The United Progressive Party (UPP) is very optimistic about its chances of being elected as the next Administration of Antigua and Barbuda, said its Chairman, D. Gisele Isaac.
According to Prime Minister Gaston Browne, who made the announcement on Monday night, the General Election is slated to take place in less than a month’s time, on January 18, 2023.
Isaac says that she and other citizens and residents breathed a sigh of relief, knowing – now – the date on which the polls will be held. Many people are longing for a change, she notes, and it is finally in their grasp.
Isaac believes that PM Browne, himself, was also relieved to get the announcement over and done, since the country is in a lot of trouble at this time.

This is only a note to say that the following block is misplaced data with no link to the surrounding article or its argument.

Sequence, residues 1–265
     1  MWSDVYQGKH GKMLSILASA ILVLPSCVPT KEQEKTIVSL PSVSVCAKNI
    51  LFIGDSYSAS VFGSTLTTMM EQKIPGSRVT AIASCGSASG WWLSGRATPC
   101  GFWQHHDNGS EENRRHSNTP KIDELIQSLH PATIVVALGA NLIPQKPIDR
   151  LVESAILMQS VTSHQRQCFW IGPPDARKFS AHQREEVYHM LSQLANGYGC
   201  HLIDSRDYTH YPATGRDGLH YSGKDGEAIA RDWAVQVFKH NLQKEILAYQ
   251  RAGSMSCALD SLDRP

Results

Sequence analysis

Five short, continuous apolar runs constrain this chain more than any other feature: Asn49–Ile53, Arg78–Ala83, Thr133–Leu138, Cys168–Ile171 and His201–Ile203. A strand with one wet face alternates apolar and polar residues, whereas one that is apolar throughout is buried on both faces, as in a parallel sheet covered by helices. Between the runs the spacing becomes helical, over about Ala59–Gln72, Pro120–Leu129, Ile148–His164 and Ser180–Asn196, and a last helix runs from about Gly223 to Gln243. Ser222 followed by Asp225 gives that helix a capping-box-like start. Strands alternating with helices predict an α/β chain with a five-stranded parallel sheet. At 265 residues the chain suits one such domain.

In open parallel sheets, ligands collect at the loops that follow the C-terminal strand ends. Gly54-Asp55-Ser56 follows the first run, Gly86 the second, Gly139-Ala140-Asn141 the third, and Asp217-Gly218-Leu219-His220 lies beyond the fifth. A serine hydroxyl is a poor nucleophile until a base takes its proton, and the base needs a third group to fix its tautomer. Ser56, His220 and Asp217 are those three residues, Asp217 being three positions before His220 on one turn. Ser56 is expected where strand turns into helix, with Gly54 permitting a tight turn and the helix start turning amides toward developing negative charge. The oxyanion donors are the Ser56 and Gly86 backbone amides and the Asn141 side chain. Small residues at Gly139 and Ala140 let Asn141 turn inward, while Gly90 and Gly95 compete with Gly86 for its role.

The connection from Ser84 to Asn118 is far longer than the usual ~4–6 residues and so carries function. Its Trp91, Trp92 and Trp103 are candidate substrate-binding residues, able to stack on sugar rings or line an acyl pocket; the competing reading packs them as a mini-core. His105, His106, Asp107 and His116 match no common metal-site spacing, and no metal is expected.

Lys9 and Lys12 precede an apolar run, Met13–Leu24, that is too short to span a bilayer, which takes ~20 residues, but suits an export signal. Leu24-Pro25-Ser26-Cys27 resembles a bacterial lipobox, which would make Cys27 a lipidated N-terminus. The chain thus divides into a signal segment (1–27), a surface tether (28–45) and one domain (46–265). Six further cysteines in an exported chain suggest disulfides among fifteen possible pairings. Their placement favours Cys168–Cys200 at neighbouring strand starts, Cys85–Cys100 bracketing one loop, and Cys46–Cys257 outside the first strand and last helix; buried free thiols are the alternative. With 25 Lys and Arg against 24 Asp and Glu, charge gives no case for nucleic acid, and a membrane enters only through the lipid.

She says the economic strain over the past years has taken a toll on Browne, who is devoid of ideas to put the country back on a sustainable financial footing. Hence, he has been copying the policies and programmes articulated by the UPP, including supporting small businesses.
Meanwhile, attorney-at-law Leon Chaku Symister opines that PM Browne had no other choice but to announce the election date, given the mounting pressure from all quarters of the society, including from persons serving time at His Majesty’s Prison.
Even the way in which the Antigua Labour Party candidates were launched shows it is not serious about governing the country, Symister says.
He notes that they were presented on an “entertainment” platform – instead of a setting in which the party’s plans to alleviate the current hardships could be put forward.
He notes, as well, that the Prime Minister chose to attack the UPP, rather than properly addressing the continued water woes; the rising cost of living; and how monies owed to scores of contractors would be paid.